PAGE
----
Henry Gray (18251861). Anatomy of the Human Body. 1918.
Its roots are three in number, and enter its posterior border. One, the long or sensory root, is derived from the nasociliary nerve, and joins its postero-superior angle. The second, the short or motor root, is a thick nerve (occasionally divided into two parts) derived from the branch of the oculomotor nerve to the Obliquus inferior, and connected with the postero-inferior angle of the ganglion. The motor root is supposed to contain sympathetic efferent fibers (preganglionic fibers) from the nucleus of the third nerve in the mid-brain to the ciliary ganglion where they form synapses with neurons whose fibers (postganglionic) pass to the Ciliary muscle and to Sphincter muscle of the pupil. The third, the sympathetic root, is a slender filament from the cavernous plexus of the sympathetic; it is frequently blended with the long root. According to Tiedemann, the ciliary ganglion receives a twig of communication from the sphenopalatine ganglion.
Its branches are the short ciliary nerves. These are delicate filaments, from six to ten in number, which arise from the forepart of the ganglion in two bundles connected with its superior and inferior angles; the lower bundle is the larger. They run forward with the ciliary arteries in a wavy course, one set above and the other below the optic nerve, and are accompanied by the long ciliary nerves from the nasociliary. They pierce the sclera at the back part of the bulb of the eye, pass forward in delicate grooves on the inner surface of the sclera, and are distributed to the Ciliaris muscle, iris, and cornea. Tiedemann has described a small branch as penetrating the optic nerve with the arteria centralis retinæ.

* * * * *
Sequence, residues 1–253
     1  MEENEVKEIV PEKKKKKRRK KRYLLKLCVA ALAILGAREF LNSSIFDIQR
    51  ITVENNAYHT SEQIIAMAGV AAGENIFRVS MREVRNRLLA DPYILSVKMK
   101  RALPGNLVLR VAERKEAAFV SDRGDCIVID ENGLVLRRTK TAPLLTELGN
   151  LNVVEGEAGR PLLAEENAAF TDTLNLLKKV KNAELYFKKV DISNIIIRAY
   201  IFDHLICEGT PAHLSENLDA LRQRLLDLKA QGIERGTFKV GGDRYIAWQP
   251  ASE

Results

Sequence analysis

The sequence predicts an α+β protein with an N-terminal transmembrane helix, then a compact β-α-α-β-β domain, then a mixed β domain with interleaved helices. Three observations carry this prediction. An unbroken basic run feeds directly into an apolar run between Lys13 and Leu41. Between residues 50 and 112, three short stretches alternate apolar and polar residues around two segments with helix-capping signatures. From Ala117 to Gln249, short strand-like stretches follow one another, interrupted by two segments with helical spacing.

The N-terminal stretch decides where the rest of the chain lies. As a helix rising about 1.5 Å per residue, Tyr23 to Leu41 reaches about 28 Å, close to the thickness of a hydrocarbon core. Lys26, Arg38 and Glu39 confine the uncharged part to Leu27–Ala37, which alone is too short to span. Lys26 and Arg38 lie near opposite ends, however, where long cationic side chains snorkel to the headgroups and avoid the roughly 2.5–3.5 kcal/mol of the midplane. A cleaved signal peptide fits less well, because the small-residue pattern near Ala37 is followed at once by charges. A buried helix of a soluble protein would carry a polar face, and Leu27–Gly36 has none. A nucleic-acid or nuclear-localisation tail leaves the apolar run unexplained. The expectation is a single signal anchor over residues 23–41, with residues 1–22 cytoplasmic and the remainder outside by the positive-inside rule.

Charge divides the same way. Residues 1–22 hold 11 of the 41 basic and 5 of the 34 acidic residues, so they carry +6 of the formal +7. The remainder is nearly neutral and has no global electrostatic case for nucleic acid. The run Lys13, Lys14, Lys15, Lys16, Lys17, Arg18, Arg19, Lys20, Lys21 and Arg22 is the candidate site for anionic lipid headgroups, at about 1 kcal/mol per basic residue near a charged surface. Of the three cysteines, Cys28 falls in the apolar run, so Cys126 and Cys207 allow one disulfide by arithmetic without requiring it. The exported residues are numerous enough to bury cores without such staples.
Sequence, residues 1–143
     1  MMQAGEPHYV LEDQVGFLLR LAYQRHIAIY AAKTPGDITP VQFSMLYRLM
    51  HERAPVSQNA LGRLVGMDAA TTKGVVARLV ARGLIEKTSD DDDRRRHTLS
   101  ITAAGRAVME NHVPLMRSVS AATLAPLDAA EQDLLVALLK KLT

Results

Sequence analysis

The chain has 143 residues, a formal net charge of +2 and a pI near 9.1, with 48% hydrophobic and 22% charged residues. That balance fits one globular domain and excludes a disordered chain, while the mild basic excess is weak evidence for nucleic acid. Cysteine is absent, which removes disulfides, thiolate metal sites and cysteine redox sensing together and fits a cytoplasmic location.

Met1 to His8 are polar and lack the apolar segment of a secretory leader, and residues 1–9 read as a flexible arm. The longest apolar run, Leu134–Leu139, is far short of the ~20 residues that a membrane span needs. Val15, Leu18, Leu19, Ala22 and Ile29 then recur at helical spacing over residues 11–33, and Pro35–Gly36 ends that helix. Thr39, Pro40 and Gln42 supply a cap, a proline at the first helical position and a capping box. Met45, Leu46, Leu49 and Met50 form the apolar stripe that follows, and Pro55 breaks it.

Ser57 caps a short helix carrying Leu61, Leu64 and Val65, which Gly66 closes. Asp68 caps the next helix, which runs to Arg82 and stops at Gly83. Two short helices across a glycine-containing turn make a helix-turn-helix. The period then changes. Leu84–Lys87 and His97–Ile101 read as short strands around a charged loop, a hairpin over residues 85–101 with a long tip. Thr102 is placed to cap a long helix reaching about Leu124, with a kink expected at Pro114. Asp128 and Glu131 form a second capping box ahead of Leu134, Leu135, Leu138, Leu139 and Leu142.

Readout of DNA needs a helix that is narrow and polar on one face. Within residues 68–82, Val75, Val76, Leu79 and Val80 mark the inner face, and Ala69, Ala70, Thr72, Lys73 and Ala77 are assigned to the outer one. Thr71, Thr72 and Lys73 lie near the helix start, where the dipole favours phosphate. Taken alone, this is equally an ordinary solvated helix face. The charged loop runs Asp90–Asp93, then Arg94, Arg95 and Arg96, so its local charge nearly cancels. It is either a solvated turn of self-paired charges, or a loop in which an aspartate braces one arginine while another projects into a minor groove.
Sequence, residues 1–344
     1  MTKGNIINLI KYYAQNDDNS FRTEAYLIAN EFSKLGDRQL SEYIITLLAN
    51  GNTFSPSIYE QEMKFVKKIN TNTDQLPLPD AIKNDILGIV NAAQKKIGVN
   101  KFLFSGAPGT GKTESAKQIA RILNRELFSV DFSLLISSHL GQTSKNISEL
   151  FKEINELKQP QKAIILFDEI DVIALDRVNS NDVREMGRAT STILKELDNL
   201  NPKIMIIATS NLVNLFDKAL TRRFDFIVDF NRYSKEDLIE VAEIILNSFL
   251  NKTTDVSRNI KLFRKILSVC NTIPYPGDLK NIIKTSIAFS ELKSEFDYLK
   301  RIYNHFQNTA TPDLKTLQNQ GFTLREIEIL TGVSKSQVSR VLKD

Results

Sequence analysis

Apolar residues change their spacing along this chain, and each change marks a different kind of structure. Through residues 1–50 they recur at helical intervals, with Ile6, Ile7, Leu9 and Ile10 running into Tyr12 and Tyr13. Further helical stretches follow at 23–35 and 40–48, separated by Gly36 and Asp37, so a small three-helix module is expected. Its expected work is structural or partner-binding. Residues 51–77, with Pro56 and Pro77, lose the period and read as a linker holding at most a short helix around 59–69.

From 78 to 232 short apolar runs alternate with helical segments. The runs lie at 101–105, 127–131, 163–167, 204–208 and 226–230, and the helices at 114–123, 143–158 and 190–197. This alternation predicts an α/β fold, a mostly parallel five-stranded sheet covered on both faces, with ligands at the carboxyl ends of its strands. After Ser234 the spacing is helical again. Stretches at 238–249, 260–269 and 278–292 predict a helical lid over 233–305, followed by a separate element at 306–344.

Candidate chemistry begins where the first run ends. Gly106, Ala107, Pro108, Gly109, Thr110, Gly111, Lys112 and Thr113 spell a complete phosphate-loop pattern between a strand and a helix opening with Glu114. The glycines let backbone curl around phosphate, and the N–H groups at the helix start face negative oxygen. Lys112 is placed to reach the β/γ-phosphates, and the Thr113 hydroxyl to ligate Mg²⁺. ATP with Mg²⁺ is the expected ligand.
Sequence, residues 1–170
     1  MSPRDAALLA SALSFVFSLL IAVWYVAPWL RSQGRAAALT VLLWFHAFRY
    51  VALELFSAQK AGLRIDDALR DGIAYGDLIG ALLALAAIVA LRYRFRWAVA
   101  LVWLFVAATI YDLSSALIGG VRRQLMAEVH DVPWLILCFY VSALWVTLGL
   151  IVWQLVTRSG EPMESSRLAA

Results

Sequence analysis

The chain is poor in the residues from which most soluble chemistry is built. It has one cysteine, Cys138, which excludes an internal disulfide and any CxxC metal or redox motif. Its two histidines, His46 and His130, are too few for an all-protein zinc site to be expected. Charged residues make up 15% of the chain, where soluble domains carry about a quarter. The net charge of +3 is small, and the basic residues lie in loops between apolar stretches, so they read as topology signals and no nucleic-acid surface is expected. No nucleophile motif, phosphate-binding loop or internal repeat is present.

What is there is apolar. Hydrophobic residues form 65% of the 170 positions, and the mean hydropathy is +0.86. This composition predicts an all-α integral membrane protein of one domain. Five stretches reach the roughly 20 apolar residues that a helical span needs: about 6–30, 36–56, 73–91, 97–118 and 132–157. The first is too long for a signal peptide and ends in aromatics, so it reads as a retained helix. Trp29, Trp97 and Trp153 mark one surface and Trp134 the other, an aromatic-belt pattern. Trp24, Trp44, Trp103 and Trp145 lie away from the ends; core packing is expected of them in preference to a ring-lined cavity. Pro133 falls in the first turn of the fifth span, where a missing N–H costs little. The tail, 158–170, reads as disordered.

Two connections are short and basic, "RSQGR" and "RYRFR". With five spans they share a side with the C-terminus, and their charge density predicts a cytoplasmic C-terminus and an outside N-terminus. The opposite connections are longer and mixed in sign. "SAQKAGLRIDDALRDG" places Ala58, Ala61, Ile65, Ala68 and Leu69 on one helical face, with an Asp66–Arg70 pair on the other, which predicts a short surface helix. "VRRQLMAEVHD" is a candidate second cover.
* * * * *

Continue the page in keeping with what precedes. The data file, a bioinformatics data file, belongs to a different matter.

The Maxillary Nerve (n. maxillaris; superior maxillary nerve) (Fig. 778), or second division of the trigeminal, is a sensory nerve. It is intermediate, both in position and size, between the ophthalmic and mandibular. It begins at the middle of the semilunar ganglion as a flattened plexiform band, and, passing horizontally forward, it leaves the skull through the foramen rotundum, where it becomes more cylindrical in form, and firmer in texture. It then crosses the pterygopalatine fossa, inclines lateralward on the back of the maxilla, and enters the orbit through the inferior orbital fissure; it traverses the infraorbital groove and canal in the floor of the orbit, and appears upon the face at the infraorbital foramen.1 At its termination, the nerve lies beneath the Quadratus labii superioris, and divides into a leash of branches which spread out upon the side of the nose, the lower eyelid, and the upper lip, joining with filaments of the facial nerve.
Branches.Its branches may be divided into four groups, according as they are given off in the cranium, in the pterygopalatine fossa, in the infraorbital canal, or on the face.
In the Cranium
In the Pterygopalatine Fossa
Posterior superior alveolar.
In the Infraorbital Canal
Anterior superior alveolar.
Middle superior alveolar.
On the Face
The Middle Meningeal Nerve (n. meningeus medius; meningeal or dural branch) is given off from the maxillary nerve directly after its origin from the semilunar ganglion; it accompanies the middle meningeal artery and supplies the dura mater.
The Zygomatic Nerve (n. zygomaticus; temporomalar nerve; orbital nerve) arises in the pterygopalatine fossa, enters the orbit by the inferior orbital fissure, and divides at the back of that cavity into two branches, zygomaticotemporal and zygomaticofacial.
Note 1. After it enters the infraorbital canal, the nerve is frequently called the infraorbital. [back]